Divorce is hard — even for those couples attempting to go through a friendly divorce. I know that when I divorced my high school sweetheart after 14 years of marriage, I thought my life was over. At the time of my divorce, I was in graduate school, I had two young kids I still needed to raise and, most importantly, my ex-husband had just come out as a gay man.
Initially, this was a time of confusion and humiliation for me. How did I not see that I had married a gay man? I’m a smart girl — I was currently in my first year of a doctoral program in clinical psychology, so it’s not like I had missed a bunch of obvious signs that this person that I had known almost my entire life was hiding a big secret.
When people feel like the stakes are too high to share who they really are, they will go to extreme measures to hide their secret. In my ex’s case, this meant that he desperately tried to play the part of the “classic” middle class husband — complete with the great career, a house in the suburbs and an appropriate social life. Over time, however, my ex became increasingly disillusioned with faking his way through life and made the difficult decision to come out to me, which caused us to make the life-altering decision to divorce.
While there are many self-help books on how to successfully get through a divorce, there are no books with advice on how to pick up the pieces as a single mom raising two kids, all the while trying to figure out how to integrate a gay ex-husband into the picture. I had to figure out how to create a modern family all on my own and, over time, this experience has taught me some very important life lessons that can be used in any kind of difficult life situation.
1. You don’t have to suffer in silence.
When I first separated from my ex, I was very discrete about the reason for our break up. People asked, but I just told them I didn’t want to talk about it. I assumed that people wouldn’t understand because no one else had gone through this situation before. Eventually, though, I started to open up to people that I trusted and I’m glad that I did because these friends shared stories of people close to them that went through the same experience. I even began to meet up with other moms like me which made me feel a lot less strange.
Once I started to see that I was not alone, I began to find solace in others’ similar stories, as well as to learn from both their successes and their mistakes. This helped me to get out of the “victim” mentality and to take action on the life that I wanted for myself and my kids.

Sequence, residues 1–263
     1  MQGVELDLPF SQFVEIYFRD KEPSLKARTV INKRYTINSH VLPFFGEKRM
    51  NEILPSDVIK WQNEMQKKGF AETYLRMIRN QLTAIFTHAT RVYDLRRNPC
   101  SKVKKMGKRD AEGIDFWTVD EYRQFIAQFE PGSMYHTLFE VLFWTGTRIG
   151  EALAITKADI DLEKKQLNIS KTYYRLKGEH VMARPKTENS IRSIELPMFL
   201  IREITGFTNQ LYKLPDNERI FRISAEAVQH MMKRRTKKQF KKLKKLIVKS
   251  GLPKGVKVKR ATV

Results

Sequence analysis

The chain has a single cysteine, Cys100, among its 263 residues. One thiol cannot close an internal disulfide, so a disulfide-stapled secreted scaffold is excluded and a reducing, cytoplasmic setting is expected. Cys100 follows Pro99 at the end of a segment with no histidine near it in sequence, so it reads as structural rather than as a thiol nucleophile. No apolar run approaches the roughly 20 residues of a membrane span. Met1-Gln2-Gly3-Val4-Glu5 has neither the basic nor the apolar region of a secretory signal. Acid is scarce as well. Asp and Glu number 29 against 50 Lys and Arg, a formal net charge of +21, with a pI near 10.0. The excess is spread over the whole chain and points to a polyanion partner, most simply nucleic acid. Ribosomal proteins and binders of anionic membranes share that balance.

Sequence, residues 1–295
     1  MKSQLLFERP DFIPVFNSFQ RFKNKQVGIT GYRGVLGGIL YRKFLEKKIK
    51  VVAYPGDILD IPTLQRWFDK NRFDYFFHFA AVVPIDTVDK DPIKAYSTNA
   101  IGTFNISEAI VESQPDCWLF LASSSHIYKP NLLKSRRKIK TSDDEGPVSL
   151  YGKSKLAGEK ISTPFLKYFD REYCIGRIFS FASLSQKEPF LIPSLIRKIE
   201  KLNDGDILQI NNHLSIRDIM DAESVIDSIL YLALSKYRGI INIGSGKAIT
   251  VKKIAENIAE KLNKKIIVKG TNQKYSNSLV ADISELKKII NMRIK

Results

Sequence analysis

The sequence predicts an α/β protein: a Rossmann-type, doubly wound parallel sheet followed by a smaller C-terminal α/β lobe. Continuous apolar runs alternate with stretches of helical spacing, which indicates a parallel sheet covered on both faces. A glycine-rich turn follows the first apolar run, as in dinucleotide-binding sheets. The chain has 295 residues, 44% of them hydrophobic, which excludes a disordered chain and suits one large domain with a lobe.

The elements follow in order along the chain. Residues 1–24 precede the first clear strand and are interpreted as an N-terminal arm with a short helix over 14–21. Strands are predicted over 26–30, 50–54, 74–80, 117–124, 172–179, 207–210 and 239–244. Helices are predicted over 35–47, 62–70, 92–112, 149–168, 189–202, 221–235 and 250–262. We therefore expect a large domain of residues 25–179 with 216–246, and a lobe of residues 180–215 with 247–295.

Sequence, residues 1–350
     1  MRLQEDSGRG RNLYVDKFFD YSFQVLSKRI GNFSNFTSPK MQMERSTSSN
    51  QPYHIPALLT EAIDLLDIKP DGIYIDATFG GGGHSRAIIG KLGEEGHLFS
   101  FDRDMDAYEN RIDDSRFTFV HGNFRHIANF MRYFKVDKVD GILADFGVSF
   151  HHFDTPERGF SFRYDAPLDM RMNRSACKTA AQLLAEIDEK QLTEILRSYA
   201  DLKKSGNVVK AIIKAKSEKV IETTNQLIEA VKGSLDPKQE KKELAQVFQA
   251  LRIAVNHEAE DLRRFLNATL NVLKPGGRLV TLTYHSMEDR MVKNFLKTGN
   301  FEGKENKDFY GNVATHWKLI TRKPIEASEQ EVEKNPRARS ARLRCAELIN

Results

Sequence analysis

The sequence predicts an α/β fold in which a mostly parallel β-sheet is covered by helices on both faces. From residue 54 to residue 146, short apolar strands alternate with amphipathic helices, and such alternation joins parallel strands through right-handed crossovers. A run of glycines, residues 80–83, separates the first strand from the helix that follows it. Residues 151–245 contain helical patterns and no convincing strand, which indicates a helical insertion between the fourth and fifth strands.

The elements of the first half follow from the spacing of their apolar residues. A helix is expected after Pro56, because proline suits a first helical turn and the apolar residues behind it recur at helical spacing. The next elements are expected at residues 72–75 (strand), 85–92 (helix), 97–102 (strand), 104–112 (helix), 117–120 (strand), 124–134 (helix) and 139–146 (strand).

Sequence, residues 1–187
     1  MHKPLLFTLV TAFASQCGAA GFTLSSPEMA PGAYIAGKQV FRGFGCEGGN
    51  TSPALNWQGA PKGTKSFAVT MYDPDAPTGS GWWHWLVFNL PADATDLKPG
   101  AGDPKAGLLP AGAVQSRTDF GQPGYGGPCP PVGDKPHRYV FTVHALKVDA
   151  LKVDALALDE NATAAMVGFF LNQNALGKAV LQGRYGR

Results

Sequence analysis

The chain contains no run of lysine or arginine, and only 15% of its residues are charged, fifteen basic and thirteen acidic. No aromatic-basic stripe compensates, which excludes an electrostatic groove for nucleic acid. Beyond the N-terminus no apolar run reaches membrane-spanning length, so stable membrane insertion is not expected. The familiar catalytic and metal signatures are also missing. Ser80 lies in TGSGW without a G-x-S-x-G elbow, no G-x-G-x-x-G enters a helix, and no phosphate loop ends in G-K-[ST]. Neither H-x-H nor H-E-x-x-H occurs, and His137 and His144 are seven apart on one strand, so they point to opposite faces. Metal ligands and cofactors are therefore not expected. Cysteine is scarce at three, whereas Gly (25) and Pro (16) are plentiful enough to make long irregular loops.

2. If you don’t set the tone for your healing, then someone else will.
Once the news finally got out about the reason behind my divorce, I noticed that people tended to react in one of two ways: they either wanted to pity me or they wanted to use my situation to denounce the “gay agenda.” I wanted no part of either situation.
I decided early on to take the power out of the hands of other people and to set the tone for my healing myself. When people attempted to pity me or to start a critique of the “gay agenda,” I changed the subject to how well my kids are doing in school or I told them a story about how much fun we had with my kids’ dad and his boyfriend during our latest family outing.
I respect that other people have an opinion about certain social topics, but I try to focus on the fact that my family has been able to create a functional, happy family. This is a huge accomplishment for my family and I do not want to minimize it by turning our hard work into someone else’s political soapbox.
3. Being different might feel lonely and embarrassing at first, but eventually people start admiring your confidence and want to be like you.
I remember the horrible feeling I had during the first post-divorce family event that I attended with just the kids and without my ex. I went home and cried, and then did everything that I could to avoid school and Church functions for the next year so that I did not have to see other families having fun with each other.
Eventually, I knew this wasn’t very healthy for my kids, so I started to venture out into family functions again. I began to realize that it wasn’t the simple structure of the family — the mom, dad and kids — that created happiness, but it was the positive, engaging interaction between parent and child that determined true happiness. I resolved to make this the truth for my family.
These three life lessons can be applied to any kind of crisis. As a psychologist, I find that many problems people go through are made worse when people try live up to certain expectations or lack confidence in their ability to solve their own problems. As a mom who overcame a very confusing and unique divorce, I offer you these words of wisdom: trust in your individual passions, values and beliefs to get you through your crisis. Don’t be tempted to conform to others’ expectations, but strive everyday to live up to your own standards.